Planning Sanity congratulate all parties in Wales for taking this bold step forward, particularly Janet Davis AM (Plaid Cymru) for her tenacity in ensuring this issue has stayed firmly on the Welsh Assembly agenda, and her willingness to work with all sides in the debate including organisations such as Planning Sanity to ensure that the fullest debate possible of all the real concerns that the Welsh people have over the inappropriate siting of telecommunication installations.
Planning Sanity Director Chris Maile said “This is a positive stand that will benefit many within Wales who were slowly becoming disenchanted with a planning regime that at face value is failing to serve those that are forced to live with the consequences of inappropriate developments close to sensitive areas such as schools, hospitals and residential areas.
Whilst there is still much that can be done to improve the system of planning control, not only in relation to telecoms but also in many other areas, the public must have confidence in the system, they can never have that whilst the system fails to allow proper consideration of their greatest fears, a negative effect upon the health of our children. These proposals go some way towards addressing those concerns, the improvements if fully implemented will see improvements that once recognised will be hard to resist in England. Today the lobbying must start to ensure that the next Telecoms Bill to go before Westminster MPs brings England into line with Wales”.
Janet Davis AM (Plaid Cymru) said “I am very pleased that two of the committee recommendations have addressed the main objectives of my subordinate legislation proposal. This is urgently needed to help to increase democracy in the decision-making process for masts and ensure that health concerns are taken into account in a meaningful way.
At the moment, developers are given almost a free rein to bypass the full planning system and we are, therefore, seeing an explosion of masts in our communities. The public is losing confidence in decisions made in relation to these types of developments, and, unable to see means of influencing decisions. This cannot go on and hopefully will not if the Welsh Assembly Government accepts these recommendations and implement them as soon as practically possible.”
Editors Note: Contact Chris Maile 01202 770391 (Director Planning Sanity) – Ioan Bellin 02920 898401 (Plaid Cymru Press Officer)
The position now is that the report will now be brought before the Welsh Assembly Government who will decide which of the recommendations of the report will be adopted in future Welsh legislation, guidance and practice.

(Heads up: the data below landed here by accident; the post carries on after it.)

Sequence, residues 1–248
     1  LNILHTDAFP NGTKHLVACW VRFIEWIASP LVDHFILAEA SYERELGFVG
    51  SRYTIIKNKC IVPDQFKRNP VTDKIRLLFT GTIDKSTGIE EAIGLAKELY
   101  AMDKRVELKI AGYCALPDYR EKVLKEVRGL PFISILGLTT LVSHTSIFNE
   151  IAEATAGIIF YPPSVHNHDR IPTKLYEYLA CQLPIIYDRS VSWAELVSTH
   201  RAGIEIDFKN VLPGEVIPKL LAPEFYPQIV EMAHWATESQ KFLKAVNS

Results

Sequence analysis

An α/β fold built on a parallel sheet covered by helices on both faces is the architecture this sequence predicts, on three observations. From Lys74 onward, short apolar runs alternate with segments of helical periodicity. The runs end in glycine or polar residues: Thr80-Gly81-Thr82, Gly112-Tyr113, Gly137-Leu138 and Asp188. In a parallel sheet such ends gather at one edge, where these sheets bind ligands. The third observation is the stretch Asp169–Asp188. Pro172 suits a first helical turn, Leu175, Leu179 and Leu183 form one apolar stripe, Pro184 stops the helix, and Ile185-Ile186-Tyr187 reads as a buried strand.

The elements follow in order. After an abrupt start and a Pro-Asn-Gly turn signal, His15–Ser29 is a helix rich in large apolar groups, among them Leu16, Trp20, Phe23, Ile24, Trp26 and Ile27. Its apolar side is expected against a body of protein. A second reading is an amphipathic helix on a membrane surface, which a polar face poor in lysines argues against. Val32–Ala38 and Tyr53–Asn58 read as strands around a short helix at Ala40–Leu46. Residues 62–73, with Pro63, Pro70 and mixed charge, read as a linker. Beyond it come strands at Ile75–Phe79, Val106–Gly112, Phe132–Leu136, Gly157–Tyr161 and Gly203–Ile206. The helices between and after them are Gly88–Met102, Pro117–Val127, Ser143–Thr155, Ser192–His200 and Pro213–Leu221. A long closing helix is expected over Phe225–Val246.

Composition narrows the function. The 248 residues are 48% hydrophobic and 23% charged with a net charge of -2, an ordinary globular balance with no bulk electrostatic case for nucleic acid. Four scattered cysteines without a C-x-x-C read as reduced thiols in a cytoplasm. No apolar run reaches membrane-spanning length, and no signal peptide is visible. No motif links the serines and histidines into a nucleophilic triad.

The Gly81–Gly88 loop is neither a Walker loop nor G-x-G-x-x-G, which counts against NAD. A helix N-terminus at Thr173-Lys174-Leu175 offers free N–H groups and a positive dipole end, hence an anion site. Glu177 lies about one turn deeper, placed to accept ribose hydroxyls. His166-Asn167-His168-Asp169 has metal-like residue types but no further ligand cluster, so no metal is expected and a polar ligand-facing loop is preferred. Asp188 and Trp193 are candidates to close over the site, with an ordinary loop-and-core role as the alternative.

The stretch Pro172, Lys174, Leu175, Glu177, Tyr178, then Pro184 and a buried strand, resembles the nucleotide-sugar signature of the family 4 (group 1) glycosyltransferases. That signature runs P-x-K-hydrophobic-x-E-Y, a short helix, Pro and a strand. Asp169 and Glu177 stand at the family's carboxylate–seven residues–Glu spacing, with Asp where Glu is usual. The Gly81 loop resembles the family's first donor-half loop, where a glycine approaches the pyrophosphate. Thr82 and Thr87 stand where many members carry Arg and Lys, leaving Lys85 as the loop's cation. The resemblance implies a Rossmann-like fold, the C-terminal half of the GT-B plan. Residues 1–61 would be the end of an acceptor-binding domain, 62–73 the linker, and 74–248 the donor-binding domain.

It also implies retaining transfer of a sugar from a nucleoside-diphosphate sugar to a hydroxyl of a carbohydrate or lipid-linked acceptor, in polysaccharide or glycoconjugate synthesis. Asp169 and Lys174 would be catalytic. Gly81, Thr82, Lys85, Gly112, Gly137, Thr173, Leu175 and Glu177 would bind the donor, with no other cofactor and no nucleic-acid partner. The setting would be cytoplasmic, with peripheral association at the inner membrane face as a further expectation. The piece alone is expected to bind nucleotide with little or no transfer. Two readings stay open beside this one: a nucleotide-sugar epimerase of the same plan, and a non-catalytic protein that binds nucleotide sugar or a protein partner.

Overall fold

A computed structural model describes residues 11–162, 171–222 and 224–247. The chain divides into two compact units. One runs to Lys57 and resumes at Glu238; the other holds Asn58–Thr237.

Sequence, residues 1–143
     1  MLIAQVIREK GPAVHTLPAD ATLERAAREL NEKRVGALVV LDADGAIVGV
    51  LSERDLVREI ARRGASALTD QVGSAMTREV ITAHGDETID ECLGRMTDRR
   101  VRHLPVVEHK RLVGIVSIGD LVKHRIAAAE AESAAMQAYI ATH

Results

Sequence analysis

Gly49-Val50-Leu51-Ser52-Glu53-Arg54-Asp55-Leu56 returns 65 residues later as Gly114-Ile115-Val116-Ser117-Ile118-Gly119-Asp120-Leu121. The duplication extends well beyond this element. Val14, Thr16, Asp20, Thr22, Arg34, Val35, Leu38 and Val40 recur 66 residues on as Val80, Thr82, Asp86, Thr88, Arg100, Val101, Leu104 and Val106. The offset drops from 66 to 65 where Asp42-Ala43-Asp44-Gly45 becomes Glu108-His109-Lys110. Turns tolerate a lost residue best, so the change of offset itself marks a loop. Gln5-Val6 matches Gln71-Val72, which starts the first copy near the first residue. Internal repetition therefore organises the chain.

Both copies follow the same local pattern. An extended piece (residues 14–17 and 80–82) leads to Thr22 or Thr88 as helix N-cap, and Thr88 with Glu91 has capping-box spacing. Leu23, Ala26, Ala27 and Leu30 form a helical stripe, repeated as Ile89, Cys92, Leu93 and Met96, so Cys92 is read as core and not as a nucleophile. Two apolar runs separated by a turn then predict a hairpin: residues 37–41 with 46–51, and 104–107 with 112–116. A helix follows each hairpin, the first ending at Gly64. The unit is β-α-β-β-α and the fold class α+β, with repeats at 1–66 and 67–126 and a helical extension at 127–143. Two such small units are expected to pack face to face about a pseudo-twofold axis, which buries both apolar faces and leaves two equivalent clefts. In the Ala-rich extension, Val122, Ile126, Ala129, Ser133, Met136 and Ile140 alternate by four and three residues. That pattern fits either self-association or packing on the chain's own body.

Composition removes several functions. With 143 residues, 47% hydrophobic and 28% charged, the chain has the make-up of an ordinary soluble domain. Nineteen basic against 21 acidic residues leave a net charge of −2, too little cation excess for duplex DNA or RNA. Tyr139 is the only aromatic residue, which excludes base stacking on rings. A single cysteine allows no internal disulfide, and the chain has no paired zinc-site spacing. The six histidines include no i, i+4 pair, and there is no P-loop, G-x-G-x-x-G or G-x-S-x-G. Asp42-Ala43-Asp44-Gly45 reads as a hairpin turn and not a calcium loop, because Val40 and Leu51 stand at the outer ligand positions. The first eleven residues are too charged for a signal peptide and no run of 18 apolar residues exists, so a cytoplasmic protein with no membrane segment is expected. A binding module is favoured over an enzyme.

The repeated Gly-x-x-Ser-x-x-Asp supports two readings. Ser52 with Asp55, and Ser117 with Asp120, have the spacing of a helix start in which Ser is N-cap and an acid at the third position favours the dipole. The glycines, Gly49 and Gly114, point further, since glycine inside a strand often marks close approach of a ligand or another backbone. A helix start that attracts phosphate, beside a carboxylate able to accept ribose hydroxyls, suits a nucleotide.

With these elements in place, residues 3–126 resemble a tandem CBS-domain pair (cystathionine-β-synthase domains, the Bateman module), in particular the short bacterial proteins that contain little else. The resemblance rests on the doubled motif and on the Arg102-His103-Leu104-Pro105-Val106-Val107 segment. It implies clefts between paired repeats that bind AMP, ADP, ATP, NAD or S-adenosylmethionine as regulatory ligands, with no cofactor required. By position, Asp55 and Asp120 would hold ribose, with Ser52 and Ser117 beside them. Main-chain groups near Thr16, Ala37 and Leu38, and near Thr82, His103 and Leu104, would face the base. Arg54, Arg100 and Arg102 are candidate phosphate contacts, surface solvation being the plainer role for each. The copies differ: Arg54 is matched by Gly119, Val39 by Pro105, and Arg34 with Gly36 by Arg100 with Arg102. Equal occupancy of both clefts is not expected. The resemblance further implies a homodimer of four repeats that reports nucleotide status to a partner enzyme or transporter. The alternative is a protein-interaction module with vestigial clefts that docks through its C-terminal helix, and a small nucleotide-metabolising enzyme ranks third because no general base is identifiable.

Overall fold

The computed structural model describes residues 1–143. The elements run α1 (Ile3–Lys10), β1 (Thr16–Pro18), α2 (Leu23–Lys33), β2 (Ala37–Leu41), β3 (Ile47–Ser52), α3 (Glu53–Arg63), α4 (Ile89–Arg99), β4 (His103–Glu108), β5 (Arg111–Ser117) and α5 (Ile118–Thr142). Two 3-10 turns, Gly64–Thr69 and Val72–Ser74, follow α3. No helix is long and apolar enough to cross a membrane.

The Report as voted on
Report of the Environment, Planning and Countryside Committee’s consideration of evidence taken on the planning aspects of electronic telecommunications apparatus
The recommendations in the report are:-
We recommend that the Welsh Assembly Government revises its Code of Best Practice on Mobile Phone Network Development in line with the findings of the Arup/University of Reading review and in conjunction with subsequent revisions to the UK Government’s Code of Best Practice and further that it considers making the code a statutory document or incorporating relevant parts into TAN 19.
We therefore recommend that the Welsh Assembly Government develops a communication strategy to raise awareness of its Code of Best Practice on Mobile Phone Network Development.
We therefore recommend that permitted development rights are removed and that mobile telecommunications apparatus up to 15 metres be subject to the full planning process.
Since there is clearly a conflict between planning policy and guidance, we recommend that the Minister clarifies guidance in line with Planning Policy Wales to ensure that local planning authorities take health impact assessments into account when deliberating on applications for planning permission or prior approval.
We therefore recommend that the Welsh Assembly Government, using the auspices of the Welsh Local Government Association, encourages local planning authorities to take up the offer of meetings with the MOA’s members following distribution of their annual network development plans each autumn.
We therefore recommend to local authorities that they publish the MOA members’ annual network development plans and arrange for them to be sent to key stakeholders as early as possible and that the Welsh Assembly Government revises its Code of Best Practice to reflect this.
We recommend that guidance be revised to make a commitment to the feasibility of site sharing obligatory in all applications.